State Auditor and Inspector Cindy Byrd determined what we already suspected: Operators of Epic Charter Schools are not playing by the same rules and may be engaged in financial wrongdoing.
Byrd’s two-part audit release comes after a hard-fought battle to determine where millions of tax dollars have gone. Her office cannot account for nearly $80 million because Epic administrators refuse to turn over records, sending the open records issue to district court.
The audit found that one in four tax dollars sent to Epic is funneled into a for-profit organization owned by the nonprofit school founders. Among other findings: Epic officials owe the state at least $8.9 million, improperly transferred and comingled funds and violated basic accounting principles.
These findings mirror what Tulsa World reporter Andrea Eger has been tracking for about two years.
In its rebuttal, Epic officials accused Byrd of being anti-school choice and criticized the background of one of the auditors.
That’s ridiculous and a scare tactic to divert attention.
Oklahomans have embraced school choice, with districts adding more virtual and alternative programs. Charter schools have been available for decades, including other statewide virtual programs. Those continue to grow.
All these public school options come with an expectation of complete transparency of tax dollars, adherence to laws, good governance and strong academic performance.
Epic blended and one-on-one programs have received State Report Card grades of a C to D. A pressing issue is about how its leaders handle and profit off public funds.
Epic officials are under investigation by the Oklahoma State Bureau of Investigation and federal investigators for their questionable financial conduct.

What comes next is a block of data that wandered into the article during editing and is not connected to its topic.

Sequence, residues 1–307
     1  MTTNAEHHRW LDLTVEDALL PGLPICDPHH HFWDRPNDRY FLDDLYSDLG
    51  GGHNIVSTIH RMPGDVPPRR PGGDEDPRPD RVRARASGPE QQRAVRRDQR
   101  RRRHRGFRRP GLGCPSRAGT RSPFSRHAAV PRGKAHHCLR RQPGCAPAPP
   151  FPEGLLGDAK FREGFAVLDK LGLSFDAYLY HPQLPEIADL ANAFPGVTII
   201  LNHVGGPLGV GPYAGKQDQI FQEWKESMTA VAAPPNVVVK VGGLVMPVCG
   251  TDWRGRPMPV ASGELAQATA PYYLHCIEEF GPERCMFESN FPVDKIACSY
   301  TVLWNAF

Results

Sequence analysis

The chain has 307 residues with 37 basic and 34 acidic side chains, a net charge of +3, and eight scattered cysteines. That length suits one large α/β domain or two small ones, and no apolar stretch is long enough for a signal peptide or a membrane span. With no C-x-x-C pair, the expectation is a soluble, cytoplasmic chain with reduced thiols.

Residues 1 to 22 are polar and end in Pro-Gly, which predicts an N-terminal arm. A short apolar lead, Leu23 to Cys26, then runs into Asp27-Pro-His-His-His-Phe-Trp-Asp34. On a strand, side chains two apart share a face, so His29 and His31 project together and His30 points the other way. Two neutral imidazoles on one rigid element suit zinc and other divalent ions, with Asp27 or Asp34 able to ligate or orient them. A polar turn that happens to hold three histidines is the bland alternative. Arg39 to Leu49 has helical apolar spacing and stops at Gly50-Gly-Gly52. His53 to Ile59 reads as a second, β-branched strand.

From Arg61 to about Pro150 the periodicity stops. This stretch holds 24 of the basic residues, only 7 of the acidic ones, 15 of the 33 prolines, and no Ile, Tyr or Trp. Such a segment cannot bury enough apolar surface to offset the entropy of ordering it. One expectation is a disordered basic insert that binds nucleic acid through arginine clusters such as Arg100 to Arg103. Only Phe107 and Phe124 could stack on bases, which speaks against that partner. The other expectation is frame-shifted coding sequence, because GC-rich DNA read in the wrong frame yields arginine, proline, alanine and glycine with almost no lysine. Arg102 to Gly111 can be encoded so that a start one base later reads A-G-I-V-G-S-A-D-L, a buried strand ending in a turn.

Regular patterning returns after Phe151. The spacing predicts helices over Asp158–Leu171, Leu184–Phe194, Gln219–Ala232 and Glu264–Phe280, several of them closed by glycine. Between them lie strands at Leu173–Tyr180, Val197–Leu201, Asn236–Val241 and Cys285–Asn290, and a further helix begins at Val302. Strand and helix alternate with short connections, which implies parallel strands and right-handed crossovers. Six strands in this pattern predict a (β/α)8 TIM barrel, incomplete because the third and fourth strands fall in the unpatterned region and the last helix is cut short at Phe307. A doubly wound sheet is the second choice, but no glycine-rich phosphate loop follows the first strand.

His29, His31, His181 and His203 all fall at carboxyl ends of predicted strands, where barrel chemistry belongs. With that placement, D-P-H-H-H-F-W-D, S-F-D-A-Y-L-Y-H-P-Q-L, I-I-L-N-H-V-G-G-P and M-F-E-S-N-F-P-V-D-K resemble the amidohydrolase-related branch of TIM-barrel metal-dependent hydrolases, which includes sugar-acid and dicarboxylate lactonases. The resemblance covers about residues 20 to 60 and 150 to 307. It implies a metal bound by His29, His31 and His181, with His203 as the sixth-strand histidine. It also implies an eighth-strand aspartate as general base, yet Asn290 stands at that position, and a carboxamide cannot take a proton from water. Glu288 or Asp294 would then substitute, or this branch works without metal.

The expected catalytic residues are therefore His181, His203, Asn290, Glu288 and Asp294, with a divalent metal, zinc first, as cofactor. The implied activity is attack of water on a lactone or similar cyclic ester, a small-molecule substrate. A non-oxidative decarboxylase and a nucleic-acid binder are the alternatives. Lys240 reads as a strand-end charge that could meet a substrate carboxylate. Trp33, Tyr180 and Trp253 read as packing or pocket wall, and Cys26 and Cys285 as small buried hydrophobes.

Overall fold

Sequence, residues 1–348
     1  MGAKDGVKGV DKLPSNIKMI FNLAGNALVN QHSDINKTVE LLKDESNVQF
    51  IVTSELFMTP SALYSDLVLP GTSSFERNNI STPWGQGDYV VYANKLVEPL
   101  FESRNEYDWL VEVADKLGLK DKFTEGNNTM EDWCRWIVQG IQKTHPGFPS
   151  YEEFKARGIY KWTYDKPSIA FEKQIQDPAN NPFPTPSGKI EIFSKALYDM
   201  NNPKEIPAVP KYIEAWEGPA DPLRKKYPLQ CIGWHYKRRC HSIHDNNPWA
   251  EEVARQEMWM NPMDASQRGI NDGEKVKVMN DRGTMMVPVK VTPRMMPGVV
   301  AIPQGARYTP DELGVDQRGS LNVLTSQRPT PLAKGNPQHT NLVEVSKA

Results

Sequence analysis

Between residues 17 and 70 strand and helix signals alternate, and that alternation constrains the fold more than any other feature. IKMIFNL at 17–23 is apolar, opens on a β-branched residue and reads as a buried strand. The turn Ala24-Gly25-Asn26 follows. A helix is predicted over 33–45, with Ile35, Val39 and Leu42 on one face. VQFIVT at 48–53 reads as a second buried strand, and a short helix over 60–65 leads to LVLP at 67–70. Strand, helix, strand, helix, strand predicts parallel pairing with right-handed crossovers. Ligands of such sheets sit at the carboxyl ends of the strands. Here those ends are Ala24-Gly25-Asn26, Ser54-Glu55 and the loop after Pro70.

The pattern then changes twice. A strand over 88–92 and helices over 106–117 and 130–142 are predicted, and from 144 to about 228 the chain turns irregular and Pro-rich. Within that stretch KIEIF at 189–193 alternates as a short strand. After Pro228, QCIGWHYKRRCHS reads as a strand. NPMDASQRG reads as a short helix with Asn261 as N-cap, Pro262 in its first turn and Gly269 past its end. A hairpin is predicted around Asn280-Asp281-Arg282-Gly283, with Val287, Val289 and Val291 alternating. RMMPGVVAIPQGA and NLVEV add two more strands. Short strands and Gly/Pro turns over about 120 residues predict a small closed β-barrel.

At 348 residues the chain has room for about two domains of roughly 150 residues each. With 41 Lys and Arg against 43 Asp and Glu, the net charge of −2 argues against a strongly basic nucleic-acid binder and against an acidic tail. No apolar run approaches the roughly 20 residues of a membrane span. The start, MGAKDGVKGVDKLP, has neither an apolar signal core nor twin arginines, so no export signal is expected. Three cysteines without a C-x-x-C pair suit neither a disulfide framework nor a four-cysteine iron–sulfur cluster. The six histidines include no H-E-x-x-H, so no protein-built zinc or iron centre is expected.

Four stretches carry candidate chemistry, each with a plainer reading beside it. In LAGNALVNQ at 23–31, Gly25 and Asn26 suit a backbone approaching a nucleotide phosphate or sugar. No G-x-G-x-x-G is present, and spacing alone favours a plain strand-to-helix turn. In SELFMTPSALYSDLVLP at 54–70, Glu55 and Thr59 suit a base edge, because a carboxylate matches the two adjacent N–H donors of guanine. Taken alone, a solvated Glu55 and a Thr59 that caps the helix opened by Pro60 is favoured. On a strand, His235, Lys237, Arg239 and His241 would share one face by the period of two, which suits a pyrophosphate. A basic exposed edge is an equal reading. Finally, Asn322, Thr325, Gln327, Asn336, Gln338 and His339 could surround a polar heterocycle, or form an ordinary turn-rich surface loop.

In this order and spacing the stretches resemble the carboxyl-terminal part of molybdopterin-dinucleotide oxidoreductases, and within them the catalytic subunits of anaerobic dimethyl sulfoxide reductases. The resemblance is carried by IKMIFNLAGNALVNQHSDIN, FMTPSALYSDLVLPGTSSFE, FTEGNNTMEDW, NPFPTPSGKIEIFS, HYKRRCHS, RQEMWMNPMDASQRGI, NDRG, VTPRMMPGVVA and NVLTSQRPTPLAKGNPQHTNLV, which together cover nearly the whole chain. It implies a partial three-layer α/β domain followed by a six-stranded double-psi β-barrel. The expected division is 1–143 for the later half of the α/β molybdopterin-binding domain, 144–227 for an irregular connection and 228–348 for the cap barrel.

Imagine if these allegations and investigations were against school administrators in a traditional brick-and-mortar public district. Taxpayers would rightly be outraged and call for immediate action.
The State Board of Education has sanctioned districts and officials for lesser infractions on administrative cost reporting.
Epic operators should be held to the same standard and not get a pass from state leaders.
There is much reform lawmakers need to do with virtual charter schools. Among our suggestions are to put all public education under the State School Board, update the state funding formula for more accurate per-pupil costs and shore up problems from student transfers among districts.
The audit has a list of specific recommendations as well.
But, the problem here are Epic administrators and their business practices. They do not appear to be good stewards of public funding.
Epic officials continue to erect obstacles for financial transparency. Their typical response has been to attack critics, and that is reflected in campaign donations.
State leaders must hold Epic operators answerable by making a stand for real accountability.
To do otherwise would be a business-as-usual mindset that smacks of sweeping problems under the rug.
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